Complete text of the Avesta, the scripture of Zoroastrianism
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Founder: Zarathustra (in Greek, Zoroaster) was a Persian prophet who at the age of
30 believed he had seen visions of God, whom he called Ahura Mazda, the creator of all that is good and who alone is worthy
of worship. This was a departure from previous Indo-Persian polytheism, and Zarathustra has been termed the first non-biblical
monotheist (though monotheism in Zoroastrianism never took on the absolute quality that it assumed in Judaism and Islam).
Though there is disagreement among scholars as to exactly when and where Zarathustra lived, most agree that he lived in eastern
Iran probably around the sixth century B.C.E.
Main Tenets: Zoroastrian theology is strongly
dualistic. In his visions, Zarathustra was taken up to heaven, where Ahura Mazda revealed that he had an opponent, Aura Mainyu,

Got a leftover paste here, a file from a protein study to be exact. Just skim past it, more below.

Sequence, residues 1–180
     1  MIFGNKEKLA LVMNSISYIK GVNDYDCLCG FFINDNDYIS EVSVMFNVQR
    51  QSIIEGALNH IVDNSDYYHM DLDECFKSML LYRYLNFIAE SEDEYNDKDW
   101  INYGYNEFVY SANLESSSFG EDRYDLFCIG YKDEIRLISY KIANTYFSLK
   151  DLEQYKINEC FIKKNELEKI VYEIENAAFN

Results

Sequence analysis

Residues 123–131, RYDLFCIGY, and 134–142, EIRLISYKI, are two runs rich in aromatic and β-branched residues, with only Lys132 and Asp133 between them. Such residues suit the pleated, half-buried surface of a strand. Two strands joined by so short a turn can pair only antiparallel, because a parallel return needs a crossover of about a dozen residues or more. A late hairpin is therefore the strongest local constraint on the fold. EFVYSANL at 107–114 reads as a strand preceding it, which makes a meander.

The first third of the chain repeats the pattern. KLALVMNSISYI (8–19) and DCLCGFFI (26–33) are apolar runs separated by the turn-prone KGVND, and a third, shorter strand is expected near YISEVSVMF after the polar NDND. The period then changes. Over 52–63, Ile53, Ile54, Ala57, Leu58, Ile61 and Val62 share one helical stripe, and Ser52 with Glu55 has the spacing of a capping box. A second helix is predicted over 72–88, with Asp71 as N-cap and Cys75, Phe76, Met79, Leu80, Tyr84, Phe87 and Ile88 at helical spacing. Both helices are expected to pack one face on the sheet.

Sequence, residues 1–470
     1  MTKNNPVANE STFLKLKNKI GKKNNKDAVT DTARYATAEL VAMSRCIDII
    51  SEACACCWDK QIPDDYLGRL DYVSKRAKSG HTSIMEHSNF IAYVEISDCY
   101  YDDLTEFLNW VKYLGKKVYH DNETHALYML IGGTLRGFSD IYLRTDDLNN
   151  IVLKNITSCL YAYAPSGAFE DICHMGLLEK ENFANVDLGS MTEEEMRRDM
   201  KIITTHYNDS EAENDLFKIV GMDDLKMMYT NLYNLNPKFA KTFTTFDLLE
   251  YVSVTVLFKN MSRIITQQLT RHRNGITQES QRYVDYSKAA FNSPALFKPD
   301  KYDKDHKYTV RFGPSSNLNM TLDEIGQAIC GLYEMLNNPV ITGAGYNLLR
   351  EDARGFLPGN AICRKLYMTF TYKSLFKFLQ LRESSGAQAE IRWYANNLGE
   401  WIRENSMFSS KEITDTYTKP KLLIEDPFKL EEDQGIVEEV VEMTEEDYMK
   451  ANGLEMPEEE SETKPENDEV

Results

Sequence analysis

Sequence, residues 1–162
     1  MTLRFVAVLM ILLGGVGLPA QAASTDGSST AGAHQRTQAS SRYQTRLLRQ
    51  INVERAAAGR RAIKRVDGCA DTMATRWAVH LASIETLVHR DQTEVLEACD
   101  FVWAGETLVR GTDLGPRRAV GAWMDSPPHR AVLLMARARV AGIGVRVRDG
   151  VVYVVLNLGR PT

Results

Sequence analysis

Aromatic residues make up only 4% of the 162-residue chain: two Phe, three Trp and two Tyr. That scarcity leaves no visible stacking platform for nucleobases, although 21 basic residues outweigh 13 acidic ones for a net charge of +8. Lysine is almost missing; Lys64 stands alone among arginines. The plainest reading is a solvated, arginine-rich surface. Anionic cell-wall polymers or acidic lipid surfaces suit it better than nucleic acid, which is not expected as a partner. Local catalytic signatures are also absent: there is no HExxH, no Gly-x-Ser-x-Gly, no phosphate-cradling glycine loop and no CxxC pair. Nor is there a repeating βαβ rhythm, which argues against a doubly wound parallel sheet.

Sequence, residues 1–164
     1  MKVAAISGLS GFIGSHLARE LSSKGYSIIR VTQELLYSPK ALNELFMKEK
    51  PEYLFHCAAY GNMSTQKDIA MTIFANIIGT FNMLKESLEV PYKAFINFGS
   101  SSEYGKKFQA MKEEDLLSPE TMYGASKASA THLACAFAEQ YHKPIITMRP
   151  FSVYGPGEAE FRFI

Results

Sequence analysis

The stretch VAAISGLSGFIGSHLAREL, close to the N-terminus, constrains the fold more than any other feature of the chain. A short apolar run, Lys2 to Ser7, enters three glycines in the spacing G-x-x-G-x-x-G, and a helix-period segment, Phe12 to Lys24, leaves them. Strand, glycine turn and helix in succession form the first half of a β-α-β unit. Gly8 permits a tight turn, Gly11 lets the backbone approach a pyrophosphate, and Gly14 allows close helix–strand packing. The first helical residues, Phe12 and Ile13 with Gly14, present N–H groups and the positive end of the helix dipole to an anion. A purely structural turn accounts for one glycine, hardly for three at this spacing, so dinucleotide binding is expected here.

the spirit and promoter of evil. Ahura Mazda charged Zarathustra with the task of inviting all human beings to choose between
him (good) and Aura Mainyu (evil). Consequently, Zoroastrianism is a highly ethical religion. Zarathustra taught that humans
are free to choose between right and wrong, truth and lie, and light and dark, and that their acts, words, and thoughts would
affect their lives after death. He was thus the first to promote a belief in two heavenly judgments: of the individual soul
right after death and of all humankind after a general resurrection. His ideas of heaven, hell, and the resurrection of the
body profoundly influenced Judaism, Christianity, and Islam. Later Zoroastrianism conceived of an opposition between body
and soul, though there was no suggestion in its theology that the body was evil and the soul was good. A wandering preacher
from Mesopotamia named Mani developed those theories into an extreme form of dualism called Manichaeism.
Sacred Text: The Zoroastrian "Avesta" ("Book of the Law") is a fragmentary collection of sacred writings divided into:
liturgical works with hymns ascribed to Zarathustra; invocations and rituals to be used at festivals; hymns of praise; and
spells against demons and prescriptions for purification. Compiled over many centuries, the Avesta was not completed until
Persia's Sassanid dynasty (226-641 C.E.).
Principal Center: Zoroastrianism all but disappeared
in Persia after the Muslim invasion of 637 C.E. Only about 10,000 survive in remote villages in Iran, but over the centuries
many sought religious freedom in India.